Changes to the Intestacy Rules 2014: How will you be affected?

On 1st October 2014, new rules were introduced dealing with what happens to the estate of a person when they die intestate (without leaving a will) leaving more than £250,000. If you think this might apply to you or a loved one, read on to find out how the changes could affect you.

What are Intestacy Rules and What's Changing?

Intestacy rules govern the division of property and other assets in the event that a person dies without leaving a will. The rules are different depending on whether the person has a surviving spouse or civil partner or surviving children.

Before the new rules came into effect, if a person died intestate a portion of their estate would go to the surviving spouse (the first £450,000 plus half the remaining estate if there were no surviving children) and the rest would be shared between close relatives. If there were surviving children, the spouse would receive the first £250,000 and the rest would be divided between the children, with 50% of the remaining estate going straight to the children and 50% going to the surviving spouse on what was termed a 'life interest'.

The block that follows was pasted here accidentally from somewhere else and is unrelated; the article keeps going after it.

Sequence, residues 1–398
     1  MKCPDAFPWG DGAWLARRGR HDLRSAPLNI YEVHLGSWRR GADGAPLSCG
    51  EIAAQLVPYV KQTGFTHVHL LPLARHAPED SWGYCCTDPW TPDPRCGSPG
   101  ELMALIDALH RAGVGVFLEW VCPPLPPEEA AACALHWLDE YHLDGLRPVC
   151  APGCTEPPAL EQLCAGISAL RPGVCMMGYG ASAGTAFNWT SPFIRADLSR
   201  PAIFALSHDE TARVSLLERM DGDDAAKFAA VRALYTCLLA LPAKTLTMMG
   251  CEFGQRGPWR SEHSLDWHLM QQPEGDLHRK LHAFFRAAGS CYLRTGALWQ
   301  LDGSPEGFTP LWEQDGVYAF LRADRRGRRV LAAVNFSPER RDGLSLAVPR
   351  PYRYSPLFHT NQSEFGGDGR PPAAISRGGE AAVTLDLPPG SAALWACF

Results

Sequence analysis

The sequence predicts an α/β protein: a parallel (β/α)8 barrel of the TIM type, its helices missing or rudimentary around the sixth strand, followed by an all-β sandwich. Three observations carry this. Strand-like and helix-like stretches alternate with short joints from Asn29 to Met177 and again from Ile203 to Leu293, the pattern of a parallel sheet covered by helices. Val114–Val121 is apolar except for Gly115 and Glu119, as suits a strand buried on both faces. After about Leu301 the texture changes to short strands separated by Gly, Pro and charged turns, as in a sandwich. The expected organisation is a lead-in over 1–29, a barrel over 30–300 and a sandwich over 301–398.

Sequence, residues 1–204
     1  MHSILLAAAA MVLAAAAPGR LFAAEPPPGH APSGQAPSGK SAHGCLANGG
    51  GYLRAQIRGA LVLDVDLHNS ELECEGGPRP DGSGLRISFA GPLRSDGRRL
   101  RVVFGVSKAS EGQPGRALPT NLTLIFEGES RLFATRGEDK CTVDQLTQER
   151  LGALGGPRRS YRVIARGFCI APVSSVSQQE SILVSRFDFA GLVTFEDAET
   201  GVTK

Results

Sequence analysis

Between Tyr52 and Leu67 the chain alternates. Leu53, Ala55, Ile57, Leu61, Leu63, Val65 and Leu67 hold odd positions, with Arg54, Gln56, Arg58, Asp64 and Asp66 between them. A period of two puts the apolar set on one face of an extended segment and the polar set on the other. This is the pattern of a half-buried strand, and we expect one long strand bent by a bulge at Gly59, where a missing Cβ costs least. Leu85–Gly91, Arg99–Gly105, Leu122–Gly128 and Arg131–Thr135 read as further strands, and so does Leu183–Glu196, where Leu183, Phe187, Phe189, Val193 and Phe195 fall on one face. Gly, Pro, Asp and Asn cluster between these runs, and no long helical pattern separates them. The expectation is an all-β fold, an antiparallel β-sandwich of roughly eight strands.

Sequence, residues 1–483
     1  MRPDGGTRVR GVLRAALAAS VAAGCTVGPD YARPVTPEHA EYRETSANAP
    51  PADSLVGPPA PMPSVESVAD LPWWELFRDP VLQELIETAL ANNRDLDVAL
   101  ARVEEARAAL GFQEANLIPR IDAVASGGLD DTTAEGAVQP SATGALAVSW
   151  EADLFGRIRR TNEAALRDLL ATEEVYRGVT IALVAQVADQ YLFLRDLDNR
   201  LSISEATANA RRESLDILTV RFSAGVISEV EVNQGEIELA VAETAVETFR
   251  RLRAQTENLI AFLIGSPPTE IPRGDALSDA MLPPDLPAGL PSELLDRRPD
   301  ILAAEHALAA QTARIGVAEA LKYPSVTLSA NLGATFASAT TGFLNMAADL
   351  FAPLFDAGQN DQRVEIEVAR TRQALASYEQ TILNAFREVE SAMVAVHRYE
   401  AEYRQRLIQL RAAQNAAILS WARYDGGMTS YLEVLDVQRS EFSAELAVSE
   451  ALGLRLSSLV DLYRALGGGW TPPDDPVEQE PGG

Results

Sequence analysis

The new rules abolish 'life interest' and give the first £250,000 plus half of any remaining estate to a surviving spouse with the rest going to the children. If there are no surviving children, the whole estate now goes to the surviving spouse, meaning parents or other relatives who might have expected to inherit some of the estate in the past receive nothing.

A further change ensures any adopted child who is subsequently re-adopted after their parent's death, still receives their share of any inheritance.

What about unmarried partners?

The rules haven't changed for partners who are not married or in a civil partnership. If their partner dies intestate, then the entire estate will be divided between blood relatives of the deceased and the deceased person's partner receives nothing, even if they have been living together for years or have children together. Therefore, people who are cohabiting still won't have any protection should their partner die intestate.

Whilst the new rules may be an attempt to simplify the intestacy process, they also underline the continuing importance of making a will and keeping it up to date, particularly if you are not married or in a civil partnership to ensure that your partner is protected and your wishes carried out after your death.

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